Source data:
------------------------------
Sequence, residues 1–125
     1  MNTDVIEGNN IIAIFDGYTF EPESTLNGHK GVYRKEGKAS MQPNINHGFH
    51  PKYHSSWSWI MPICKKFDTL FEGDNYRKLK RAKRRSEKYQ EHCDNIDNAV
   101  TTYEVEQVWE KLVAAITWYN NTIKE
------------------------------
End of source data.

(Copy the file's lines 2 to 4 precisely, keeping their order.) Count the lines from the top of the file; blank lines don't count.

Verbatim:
     1  MNTDVIEGNN IIAIFDGYTF EPESTLNGHK GVYRKEGKAS MQPNINHGFH
    51  PKYHSSWSWI MPICKKFDTL FEGDNYRKLK RAKRRSEKYQ EHCDNIDNAV
   101  TTYEVEQVWE KLVAAITWYN NTIKE